Show This To The Next Person Who Says High Minimum Wages Kill Jobs

SAN FRANCISCO, CA - APRIL 2:  The Golden Gate Bridge at Golden Gate National Park is viewed from a nearby hiking trail on Apr
SAN FRANCISCO, CA - APRIL 2: The Golden Gate Bridge at Golden Gate National Park is viewed from a nearby hiking trail on April 2, 2014, in San Francisco, California. San Francisco continues to be a major global tourist destination and has experienced a real estate and high-tech boom in recent years. (Photo by George Rose/Getty Images)

If you need more evidence that a higher minimum wage won't kill the economy, consider this: The city with one of the highest minimum wages in the country has had faster job growth than any other big city over the past 10 years.

San Francisco's small businesses are growing faster than those of any other big city or the nation as a whole, according to new data from payroll-processor Paychex and research firm IHS. And this is happening despite the fact that, as of January 1, San Francisco's minimum wage was $10.74 an hour, higher than any state minimum wage or the federal minimum wage of $7.25 an hour.


The chart above compares changes in job-growth rates in the 20 largest metropolitan areas in the country. It shows job growth as an index, with 100 representing the city's growth rate in 2004. A value of 101 means that city's job growth is 1 percent better than it was 10 years ago.

Meanwhile, as you can see in the chart below, Washington leads all states in job-growth acceleration, despite having a minimum wage of $9.32, the highest state minimum wage in the country. And Seattle has the second-best job-growth rate among major cities.


Of course, these data are limited, measuring only businesses with fewer than 50 workers. They don't account for broader economic trends, such as the tech boom affecting West Coast cities like San Francisco and Seattle, that might affect job growth, noted James Diffley, chief regional economist at IHS, who helped make these charts.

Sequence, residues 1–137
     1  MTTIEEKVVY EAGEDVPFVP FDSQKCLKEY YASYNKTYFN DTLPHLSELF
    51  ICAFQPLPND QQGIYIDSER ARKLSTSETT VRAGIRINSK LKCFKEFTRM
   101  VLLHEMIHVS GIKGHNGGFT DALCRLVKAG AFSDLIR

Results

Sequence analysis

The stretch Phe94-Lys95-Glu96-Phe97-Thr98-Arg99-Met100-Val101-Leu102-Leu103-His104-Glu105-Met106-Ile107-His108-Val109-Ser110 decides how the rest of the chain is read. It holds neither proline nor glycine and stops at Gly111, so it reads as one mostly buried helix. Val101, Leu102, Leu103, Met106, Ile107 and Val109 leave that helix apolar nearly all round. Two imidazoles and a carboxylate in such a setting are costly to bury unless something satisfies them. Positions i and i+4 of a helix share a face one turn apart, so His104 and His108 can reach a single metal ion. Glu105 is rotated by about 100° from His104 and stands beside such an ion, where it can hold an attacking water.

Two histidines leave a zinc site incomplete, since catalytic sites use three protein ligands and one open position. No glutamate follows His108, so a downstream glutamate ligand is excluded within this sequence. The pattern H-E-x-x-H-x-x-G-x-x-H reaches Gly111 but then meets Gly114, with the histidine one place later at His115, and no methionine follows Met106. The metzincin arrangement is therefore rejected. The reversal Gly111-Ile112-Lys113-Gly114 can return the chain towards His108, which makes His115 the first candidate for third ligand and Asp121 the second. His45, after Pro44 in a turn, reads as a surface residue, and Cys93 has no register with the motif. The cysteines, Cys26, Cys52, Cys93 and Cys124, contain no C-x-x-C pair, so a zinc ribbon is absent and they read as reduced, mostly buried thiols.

Many small businesses already pay more than minimum wage to attract better workers, so a higher minimum wage isn't necessarily something that would restrict their hiring. In fact, most small-business owners are in favor of raising the minimum wage.

Most minimum-wage workers are employed by large corporations like Walmart and McDonald's, not your local mom-and-pop burger joint or clothing store.

Still, these numbers suggest that higher minimum wages won't necessarily snuff out economic growth, as opponents of raising the national minimum wage claim. And an earlier report in Bloomberg reinforced the message of the Paychex data, suggesting overall job growth in Washington state outpaced the national rate.

“It’s hard to see that the state of Washington has paid a heavy penalty for having a higher minimum wage than the rest of the country,” Gary Burtless, an economist at Brookings Institution, told Bloomberg.

These numbers are especially relevant as President Obama has proposed raising the federal minimum wage to $10.10, a proposal that congressional Republicans have blocked.